(William) Elias Hodgson

Continuing with Gerald Nathan Hodgson’s Northwest family narrative, with thanks to Michael Howard Hodgson:

Grandfather Elias (originally William Elias) filed on a homestead somewhere in the Middle West without ever “proving up”, so when he came out here he filed again but to avoid any possible complication, he filed under the name Elias J. and went by that name from then on.

I don’t know the exact amount of education that Grandad had, but it was undoubtedly more than most people had in those days. From what Dad said of him, I gather he was neither a very practical or forceful person.

Back in the 1850’s and/or 1860’s’ when men were men and women wore hoop skirts and possibly bustles, „eddication‟ was well though of up to a point. The point was ‘the double rule of three’ (long division) and McGuffy’S Fifth Reader. Any fool knew that more ‘larnin’ than that was a waste of time and anyone who wanted more than that was considered a bit queer and something of a joke.

I can’t say, but it is my understanding that Elias did attend several different schools and finally graduated from Grinell College in Iowa (perhaps, only one year). After Elias had, been away to school for a while he came home for a short vacation, Christmas perhaps. After he had been home for a short while, his rheumatic “old Grandad struggled up out of his chair and, leaning on his cane, he says, “‘Lias, there is something out at the barn I want to show you..” Elias said, “All right,” and the old boy went his tottering way out to the barn with Elias following. When they entered the barn door, it was rather dark in there, but Grandad focused, his dim eyes upon the wall, pointing his cane, he says, “‘Lias, what is that thing up there?” says, Elias looked and says. “Why, that’s a horseshoe, Grandad.”  The old fellow cackled in great glee. “What a power of good a little larnin’ does. I wouldn’t have known it from a mare’s shoe!”

From what Dad told me, I don’t get the impression that Grandpa’s higher education ever served him to any very practical purpose; nevertheless, I imagine he got a lot of personal satisfaction from it.

When he was about twenty, he tried teaching a country school in Indiana. He was somewhat puny at the time and was thought by his relatives to be a probable victim of tuberculosis. In any event, he did not have the physical force to hold down the teaching job. A bunch of overgrown boys in their late teens or early twenties simply ran him out. To get the picture of what he had to contend with, read “The Hoosier Schoolmaster” by Edward Eggleston.

What after that, I am not sure. He went to Iowa where he met and married Sabina Bond — one of the ten daughters of Reverend Bond, a Quaker minister. She had six sisters and three half-sisters. Two of her sisters — Amanda and Hannah — married men named Jessup and later moved to California. Sabina’s mother (maiden name Kollens) I believe was either German born or of German extraction. Grandma Sabina had brown eyes, red hair, and a very volatile temperament, was very religious and had extremely Victorian attitudes as to dress, speech and morality. She would never roll her sleeves up, even to wash the dishes!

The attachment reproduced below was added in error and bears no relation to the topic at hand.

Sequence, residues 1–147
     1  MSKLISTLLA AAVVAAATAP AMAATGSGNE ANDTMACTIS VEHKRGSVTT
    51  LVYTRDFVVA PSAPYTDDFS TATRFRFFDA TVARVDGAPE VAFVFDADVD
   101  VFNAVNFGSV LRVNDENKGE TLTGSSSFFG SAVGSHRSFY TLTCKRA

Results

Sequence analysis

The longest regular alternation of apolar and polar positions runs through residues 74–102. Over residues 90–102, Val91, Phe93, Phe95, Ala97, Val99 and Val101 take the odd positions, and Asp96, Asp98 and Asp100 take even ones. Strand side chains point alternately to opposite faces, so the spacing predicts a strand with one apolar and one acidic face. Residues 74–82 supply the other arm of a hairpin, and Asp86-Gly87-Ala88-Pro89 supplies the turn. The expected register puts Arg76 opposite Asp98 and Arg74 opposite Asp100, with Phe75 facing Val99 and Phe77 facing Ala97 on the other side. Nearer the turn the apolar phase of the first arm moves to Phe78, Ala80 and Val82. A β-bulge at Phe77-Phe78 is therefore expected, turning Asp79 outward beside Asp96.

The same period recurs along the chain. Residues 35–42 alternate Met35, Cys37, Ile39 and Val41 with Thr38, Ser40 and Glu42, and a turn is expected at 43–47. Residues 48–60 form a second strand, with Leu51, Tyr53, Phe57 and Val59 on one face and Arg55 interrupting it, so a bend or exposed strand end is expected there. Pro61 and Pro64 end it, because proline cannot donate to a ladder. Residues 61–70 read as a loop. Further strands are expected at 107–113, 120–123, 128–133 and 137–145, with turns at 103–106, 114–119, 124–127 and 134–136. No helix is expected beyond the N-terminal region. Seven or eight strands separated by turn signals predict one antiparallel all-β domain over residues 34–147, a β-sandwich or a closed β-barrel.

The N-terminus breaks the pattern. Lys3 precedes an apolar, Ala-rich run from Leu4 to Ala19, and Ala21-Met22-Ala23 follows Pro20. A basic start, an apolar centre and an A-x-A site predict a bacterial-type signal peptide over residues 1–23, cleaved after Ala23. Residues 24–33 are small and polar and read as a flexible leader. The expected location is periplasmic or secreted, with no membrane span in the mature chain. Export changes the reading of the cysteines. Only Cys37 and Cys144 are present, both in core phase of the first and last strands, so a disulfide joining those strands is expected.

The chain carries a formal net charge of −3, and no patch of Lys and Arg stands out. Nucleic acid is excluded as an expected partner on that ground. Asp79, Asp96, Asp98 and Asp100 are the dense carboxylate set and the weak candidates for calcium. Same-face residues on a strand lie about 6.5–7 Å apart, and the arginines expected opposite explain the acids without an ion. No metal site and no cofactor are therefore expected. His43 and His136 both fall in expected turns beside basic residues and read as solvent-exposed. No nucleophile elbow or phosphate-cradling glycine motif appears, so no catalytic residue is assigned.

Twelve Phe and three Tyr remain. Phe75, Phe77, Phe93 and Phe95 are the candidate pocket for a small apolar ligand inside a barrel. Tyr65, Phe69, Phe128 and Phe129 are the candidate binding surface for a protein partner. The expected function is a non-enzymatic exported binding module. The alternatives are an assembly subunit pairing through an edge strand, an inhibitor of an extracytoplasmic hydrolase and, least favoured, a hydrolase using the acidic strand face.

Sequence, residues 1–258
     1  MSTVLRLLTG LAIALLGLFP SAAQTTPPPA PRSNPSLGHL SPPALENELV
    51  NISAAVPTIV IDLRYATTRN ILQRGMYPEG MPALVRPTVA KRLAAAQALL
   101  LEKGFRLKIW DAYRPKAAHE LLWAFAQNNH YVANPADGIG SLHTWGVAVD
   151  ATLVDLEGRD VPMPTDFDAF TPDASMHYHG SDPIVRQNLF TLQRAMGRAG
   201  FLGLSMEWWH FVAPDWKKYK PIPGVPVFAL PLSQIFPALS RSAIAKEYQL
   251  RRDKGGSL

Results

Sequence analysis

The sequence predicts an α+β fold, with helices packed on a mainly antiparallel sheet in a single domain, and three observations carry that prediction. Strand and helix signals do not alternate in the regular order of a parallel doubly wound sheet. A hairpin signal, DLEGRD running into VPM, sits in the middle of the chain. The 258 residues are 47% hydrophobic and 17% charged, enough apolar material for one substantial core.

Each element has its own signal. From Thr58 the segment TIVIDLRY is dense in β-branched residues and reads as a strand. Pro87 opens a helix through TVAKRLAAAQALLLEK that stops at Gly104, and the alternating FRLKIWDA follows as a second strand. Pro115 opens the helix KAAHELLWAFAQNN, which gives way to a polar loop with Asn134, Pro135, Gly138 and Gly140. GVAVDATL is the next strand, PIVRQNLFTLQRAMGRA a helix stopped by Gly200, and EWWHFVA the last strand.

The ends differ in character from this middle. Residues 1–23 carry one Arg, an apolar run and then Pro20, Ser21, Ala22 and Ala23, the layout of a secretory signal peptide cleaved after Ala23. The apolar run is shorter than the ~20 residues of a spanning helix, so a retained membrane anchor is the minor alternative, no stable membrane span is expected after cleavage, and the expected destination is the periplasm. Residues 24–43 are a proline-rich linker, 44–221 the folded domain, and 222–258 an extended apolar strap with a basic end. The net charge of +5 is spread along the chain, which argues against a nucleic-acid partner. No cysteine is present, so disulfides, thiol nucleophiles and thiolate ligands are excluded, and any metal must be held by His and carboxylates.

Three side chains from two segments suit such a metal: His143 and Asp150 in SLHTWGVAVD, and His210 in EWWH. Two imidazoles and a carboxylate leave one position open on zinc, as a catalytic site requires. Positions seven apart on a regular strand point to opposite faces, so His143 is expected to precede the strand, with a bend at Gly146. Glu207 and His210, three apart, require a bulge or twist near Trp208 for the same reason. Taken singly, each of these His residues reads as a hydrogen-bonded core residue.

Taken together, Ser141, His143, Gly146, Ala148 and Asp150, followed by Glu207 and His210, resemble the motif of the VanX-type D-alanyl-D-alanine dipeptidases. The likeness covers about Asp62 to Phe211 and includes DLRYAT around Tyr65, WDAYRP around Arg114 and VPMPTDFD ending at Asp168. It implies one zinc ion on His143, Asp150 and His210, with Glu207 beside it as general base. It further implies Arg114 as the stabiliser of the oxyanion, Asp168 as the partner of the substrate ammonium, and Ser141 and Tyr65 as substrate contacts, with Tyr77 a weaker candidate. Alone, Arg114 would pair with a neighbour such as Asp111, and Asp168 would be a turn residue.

One of her peculiarities that Dad used to rave about was that she was always entertaining the preacher and would never cook a hen unless it had got on the nest to lay! Also, she would never sell a dog because of the Bible quotation about “the price of a dog. . .”


Casper W. Hodgson

Continuing with Gerald Nathan Hodgson’s Northwest family narrative, with thanks to Michael Howard Hodgson:

Louis Hodgson was the father of Casper W. Hodgson who founded the “World Book Company” sometime prior to 1900. It was at his request that we all added the ‘g’ to our name. An English estate was at issue. No further knowledge . . .

Casper Hodgson married a school teacher who acquired ever more “highfalutin” ideas as they went up in the world. Uncle John visited them around 1900 at their fancy home at Yonkers on Hudson, New York. He said that Casper treated him well enough but his wife was barely civil. John’s Norwegian wife, Inga, who spoke only broken English, may have had something to do with it. In the world of what Mark Twain called “dudes and dudesses, ‘I social distinctions were very strong at that time and the terms “savoir faire”, “nouveau riche”, and “It isn’t done. don’cha know” had very real meaning.

Casper had three children — two girls and a boy. He graduated from Stanford University in the same class as Herbert Hoover. He died sometime in the Thirties. He used to send bundles of his newly published books to his Uncle Elias. The books are scattered or lost. I still have one of them — rather battered — in my possession. “Indian Days of Long Ago.” Other titles were “Ox Team Days on the Oregon, Trail,” by Ezra Meeker, “The White Indian Boy,” “Breaking Sod on, the Prairie,” and “Hidden Heroes of the Rockies. If I read all of those titles and remember a good deal about each of them